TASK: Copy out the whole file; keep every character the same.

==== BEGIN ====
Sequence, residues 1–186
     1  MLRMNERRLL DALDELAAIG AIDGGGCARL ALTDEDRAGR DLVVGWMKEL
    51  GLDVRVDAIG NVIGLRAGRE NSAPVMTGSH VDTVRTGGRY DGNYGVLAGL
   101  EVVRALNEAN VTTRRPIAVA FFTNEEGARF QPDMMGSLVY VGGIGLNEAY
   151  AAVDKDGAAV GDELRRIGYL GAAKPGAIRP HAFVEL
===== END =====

Sequence, residues 1–186
     1  MLRMNERRLL DALDELAAIG AIDGGGCARL ALTDEDRAGR DLVVGWMKEL
    51  GLDVRVDAIG NVIGLRAGRE NSAPVMTGSH VDTVRTGGRY DGNYGVLAGL
   101  EVVRALNEAN VTTRRPIAVA FFTNEEGARF QPDMMGSLVY VGGIGLNEAY
   151  AAVDKDGAAV GDELRRIGYL GAAKPGAIRP HAFVEL